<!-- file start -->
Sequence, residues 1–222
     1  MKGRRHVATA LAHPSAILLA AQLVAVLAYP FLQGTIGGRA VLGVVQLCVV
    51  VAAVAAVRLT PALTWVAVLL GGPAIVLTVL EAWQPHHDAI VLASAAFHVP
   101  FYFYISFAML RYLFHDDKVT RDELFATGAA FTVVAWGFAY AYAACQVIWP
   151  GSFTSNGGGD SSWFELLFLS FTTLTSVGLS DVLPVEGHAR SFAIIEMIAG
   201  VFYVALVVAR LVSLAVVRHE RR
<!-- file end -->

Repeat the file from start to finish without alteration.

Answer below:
Sequence, residues 1–222
     1  MKGRRHVATA LAHPSAILLA AQLVAVLAYP FLQGTIGGRA VLGVVQLCVV
    51  VAAVAAVRLT PALTWVAVLL GGPAIVLTVL EAWQPHHDAI VLASAAFHVP
   101  FYFYISFAML RYLFHDDKVT RDELFATGAA FTVVAWGFAY AYAACQVIWP
   151  GSFTSNGGGD SSWFELLFLS FTTLTSVGLS DVLPVEGHAR SFAIIEMIAG
   201  VFYVALVVAR LVSLAVVRHE RR